Tuscany has some of the best scenery you can find in Italy, with its rolling hills, vineyards, sunflower fields and picturesque towns, and one of the best ways to explore its gorgeous landscape is on a road trip. While driving in Italian cities can be chaotic and a little overwhelming especially when its the other side of the road to the UK Tuscan countryside makes for easy and relaxing driving.
Our holiday villas in Tuscany
provide the perfect base for heading out on day trips to explore the countryside, and the variety of locations around the region for you to choose from means you can tick everything off your Tuscany bucket list. Use our top tips to plan for the perfect Tuscan road trip this summer and see what highlights we recommend checking out! There are many trips to choose; from the tiny towns around Siena or the coastline of Maremma its up to you!
Well start with the basic part of driving the fuel! Look out for benzinai or petrol station and opt for self-service to avoid paying the service fee. There is usually a machine to insert bank notes or your card and the pump number. Occasionally you have to pay inside, similar to the UK. Prices vary, but if you go for a smaller car, you will save money.
Get a Map
Google Maps and SatNavs are all well and good, but not when the GPS signal or battery goes, or you get lost when it directs you to drive into a dead-end; having a physical map as a back up is a no-brainer. When you hire the car, pick up the latest edition of a regional map and leave it in the car for when you head out and about.
Read Up on Road Signs and Limits
Thankfully, much of Europes road signs have been standardised, so they will be familiar to you wherever you go, even when in a different language. However, if this is your first time driving abroad, you may want to check the common road signs you will come across when driving in the countryside. You should also be aware of the speed limits, as these can lead to a bad fine. On the autostrada, it is 130kmph, in towns 50kmp, open roads 90kmph and divided highways 110kmph.
Parking Can be Tricky
One of the worst parts of driving is trying to find good parking, that is relatively cheap, and Italy is no less difficult. Keep an eye out for the blue sign with a P, and be prepared for a range of prices. Avoid parking on streets with yellow (handicapped) or white (residents) spots, but you can park anywhere painted blue. Just remember to pre-pay for a ticket to display otherwise you could get a fine. In cities like Florence and Siena, they are very efficient when it comes to checking the parking, and you dont want to return home with parking fines.
There are a few roads in Tuscany that have tolls, usually on the autostrada, including the A1 going from Bologna to Northern Tuscany. You have to take a ticket when entering the autostrada, and pay when you leave. It is best to pay with cash, as cards will not always be accepted.
Avoid Travelling on Popular Holidays
Look up what popular holidays may be happening in the region when you are holidaying in Tuscany, and avoid travelling on these days. Mid-week is usually best for a road trip, as it means you can avoid sitting in traffic, which could turn a three-hour trip into nine hours.
Be Aware of Limited Traffic Zones
Italy is an old country, and the hilltop towns in Tuscany pride themselves on their heritage. One way to help preserve old buildings and roads is to stop modern cars ruining them. As such, most towns have a limited traffic zone (ZTL) in place, meaning parts of the town are protected, where only people with special permits can park. If you drive into these zones, you risk huge fines.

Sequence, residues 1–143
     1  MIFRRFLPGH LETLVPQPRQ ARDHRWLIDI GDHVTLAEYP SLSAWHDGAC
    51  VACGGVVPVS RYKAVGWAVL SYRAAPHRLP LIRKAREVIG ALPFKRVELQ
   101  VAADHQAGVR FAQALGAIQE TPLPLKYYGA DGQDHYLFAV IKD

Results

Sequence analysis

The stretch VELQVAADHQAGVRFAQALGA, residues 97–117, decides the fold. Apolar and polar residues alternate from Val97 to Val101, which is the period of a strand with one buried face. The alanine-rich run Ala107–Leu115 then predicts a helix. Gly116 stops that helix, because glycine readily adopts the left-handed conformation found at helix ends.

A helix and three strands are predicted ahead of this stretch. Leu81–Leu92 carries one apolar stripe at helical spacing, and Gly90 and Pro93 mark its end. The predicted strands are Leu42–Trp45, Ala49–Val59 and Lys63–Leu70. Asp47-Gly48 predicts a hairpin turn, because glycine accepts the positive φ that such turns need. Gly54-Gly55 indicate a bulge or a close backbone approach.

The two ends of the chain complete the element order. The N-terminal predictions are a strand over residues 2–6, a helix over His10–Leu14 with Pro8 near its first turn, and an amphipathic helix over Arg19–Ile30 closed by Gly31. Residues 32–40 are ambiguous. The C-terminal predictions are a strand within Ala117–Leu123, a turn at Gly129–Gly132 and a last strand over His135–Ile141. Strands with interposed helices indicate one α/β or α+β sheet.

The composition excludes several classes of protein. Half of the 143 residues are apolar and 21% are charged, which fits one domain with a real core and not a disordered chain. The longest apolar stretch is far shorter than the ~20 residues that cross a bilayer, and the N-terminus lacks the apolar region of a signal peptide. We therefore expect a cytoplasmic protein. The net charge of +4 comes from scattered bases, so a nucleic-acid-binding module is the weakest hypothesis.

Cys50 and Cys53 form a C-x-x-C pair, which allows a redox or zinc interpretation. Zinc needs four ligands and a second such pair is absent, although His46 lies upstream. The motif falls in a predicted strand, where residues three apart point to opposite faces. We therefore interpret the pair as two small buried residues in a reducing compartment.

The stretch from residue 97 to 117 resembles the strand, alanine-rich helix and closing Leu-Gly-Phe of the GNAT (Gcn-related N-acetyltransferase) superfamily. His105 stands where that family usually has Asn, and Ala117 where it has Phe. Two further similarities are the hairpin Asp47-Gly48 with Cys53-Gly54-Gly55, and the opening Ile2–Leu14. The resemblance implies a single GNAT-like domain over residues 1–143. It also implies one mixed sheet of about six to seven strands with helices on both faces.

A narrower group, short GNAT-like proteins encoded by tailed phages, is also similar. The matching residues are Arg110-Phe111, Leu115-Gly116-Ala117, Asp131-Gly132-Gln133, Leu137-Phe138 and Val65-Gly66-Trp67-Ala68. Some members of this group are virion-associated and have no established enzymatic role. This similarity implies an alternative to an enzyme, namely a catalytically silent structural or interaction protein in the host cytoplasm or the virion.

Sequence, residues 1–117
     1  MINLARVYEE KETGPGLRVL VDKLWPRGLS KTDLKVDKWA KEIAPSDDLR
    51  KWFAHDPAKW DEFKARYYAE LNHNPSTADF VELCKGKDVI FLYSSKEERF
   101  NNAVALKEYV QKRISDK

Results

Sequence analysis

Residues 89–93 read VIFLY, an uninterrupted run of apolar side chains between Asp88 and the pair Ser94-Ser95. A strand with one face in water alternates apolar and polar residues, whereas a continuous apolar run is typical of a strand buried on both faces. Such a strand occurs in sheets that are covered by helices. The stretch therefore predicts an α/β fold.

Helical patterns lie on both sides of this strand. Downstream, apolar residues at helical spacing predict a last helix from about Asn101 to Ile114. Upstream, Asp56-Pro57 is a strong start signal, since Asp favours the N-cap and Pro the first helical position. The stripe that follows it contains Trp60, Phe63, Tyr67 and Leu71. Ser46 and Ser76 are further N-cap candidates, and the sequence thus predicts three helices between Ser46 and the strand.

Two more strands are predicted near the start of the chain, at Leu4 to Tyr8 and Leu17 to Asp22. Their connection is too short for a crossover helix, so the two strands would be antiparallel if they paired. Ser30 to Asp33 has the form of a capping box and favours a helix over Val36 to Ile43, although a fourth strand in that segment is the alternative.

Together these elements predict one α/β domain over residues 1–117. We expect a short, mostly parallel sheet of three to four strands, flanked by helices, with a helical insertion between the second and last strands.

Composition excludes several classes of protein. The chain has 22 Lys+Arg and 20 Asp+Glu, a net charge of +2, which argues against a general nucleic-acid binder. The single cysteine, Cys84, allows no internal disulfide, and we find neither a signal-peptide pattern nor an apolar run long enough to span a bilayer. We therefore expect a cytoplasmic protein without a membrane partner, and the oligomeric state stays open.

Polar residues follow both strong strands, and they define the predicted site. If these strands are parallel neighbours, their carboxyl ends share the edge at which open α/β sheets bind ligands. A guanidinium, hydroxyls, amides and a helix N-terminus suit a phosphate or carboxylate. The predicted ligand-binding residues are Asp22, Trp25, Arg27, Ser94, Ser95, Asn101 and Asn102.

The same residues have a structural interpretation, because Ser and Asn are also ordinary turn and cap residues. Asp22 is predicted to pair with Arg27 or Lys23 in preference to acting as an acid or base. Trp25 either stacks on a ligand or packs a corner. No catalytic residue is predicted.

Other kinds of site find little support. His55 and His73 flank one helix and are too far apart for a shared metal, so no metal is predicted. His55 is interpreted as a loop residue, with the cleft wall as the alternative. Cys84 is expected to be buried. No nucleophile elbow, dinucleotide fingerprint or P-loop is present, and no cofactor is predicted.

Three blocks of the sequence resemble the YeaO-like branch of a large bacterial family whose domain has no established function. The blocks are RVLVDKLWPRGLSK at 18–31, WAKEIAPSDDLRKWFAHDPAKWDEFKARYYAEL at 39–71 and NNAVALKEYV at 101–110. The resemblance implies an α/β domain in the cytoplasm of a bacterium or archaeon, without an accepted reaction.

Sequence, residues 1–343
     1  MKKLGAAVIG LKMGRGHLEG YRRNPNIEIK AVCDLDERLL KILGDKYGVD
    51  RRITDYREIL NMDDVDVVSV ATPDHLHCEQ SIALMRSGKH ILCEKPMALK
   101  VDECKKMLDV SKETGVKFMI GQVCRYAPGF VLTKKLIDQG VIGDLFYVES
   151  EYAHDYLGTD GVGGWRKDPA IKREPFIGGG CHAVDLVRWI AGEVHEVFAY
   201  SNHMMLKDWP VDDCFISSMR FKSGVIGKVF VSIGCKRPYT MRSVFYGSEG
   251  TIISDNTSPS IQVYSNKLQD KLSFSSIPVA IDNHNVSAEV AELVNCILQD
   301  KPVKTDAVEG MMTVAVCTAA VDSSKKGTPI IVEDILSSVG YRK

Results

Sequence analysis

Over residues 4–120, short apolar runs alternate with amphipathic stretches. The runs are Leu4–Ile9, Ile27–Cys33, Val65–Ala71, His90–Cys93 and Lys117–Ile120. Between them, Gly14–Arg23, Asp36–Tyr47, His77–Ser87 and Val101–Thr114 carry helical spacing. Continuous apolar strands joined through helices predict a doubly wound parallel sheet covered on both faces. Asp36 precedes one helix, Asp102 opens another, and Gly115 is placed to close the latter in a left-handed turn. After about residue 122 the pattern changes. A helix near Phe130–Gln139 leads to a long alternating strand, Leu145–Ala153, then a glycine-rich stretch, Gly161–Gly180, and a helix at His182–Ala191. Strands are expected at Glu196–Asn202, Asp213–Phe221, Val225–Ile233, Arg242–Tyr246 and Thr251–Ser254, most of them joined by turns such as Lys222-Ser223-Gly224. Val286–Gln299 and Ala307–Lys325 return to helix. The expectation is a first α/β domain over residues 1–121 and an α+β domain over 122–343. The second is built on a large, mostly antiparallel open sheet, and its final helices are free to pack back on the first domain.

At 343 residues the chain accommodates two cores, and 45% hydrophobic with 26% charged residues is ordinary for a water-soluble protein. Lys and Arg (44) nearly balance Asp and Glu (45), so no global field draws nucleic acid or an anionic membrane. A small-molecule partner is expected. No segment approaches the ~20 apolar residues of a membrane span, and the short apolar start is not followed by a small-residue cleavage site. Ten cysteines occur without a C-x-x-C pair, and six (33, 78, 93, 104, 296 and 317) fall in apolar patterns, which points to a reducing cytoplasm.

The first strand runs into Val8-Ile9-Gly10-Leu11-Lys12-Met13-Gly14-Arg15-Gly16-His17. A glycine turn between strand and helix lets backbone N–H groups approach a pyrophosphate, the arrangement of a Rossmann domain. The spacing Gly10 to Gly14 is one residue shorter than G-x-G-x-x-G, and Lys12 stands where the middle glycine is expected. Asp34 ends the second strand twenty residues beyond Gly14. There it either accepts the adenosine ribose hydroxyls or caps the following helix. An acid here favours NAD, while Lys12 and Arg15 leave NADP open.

Highlights for Your Road Trip
Drive along colourful roads to Certaldo, around 60km south of Florence. Located in the Elsa Valley, it is known for its production of crystal glassware, and the town has roots in the Roman-Etruscan age. The charming town has narrow streets, little squares and a well-preserved medieval structure, with the exhibition of the 15th century Palazzo Pretorio. There you can find some modern art exhibitions. The onion is Certaldos official symbol so expect some onion-based dishes to try when you stop!
A little further south than Certaldo is the historic town of San Gimignano, known for its towers. In the 14th century, every wealthy family in the area built a tower to show its economic power, with 72 in total. They were added to, turning them into amazing residences. Only 13 remain today and are a UNESCO World Heritage Site. You can visit them to admire the mixture of architect and influences from the region.
Head to the walled town of Monteriggioni to explore what Italy was like in the Middle Ages. Part of the Val DOrcia area, the town is dominated by the amazing Castle of Monteriggioni. The castle has a fortified wall and 14 towers for defence. The wall follows the rise and fall of the hill it is built upon, which looks spectacular from a distance. Because of its picturesque setting, the town has been used for filming a variety of movies such as Gladiator and The English Patient.
South of Siena is the medieval village of Montalcino, famous for its local wine, the Brunello di Montalcino. The winemaking can be dated to the 14th century, yet it was the 19th century when a local farmer found a way to age the wine for a long period, so the wine could reach its current peak quality. Be sure to pick up a bottle or two to have back at your villa!
Are you planning a mini road trip when on your holiday to Tuscany this year? Let us know via our social media, and dont hesitate to ask for any tips on what to do near your villa when booking with us!
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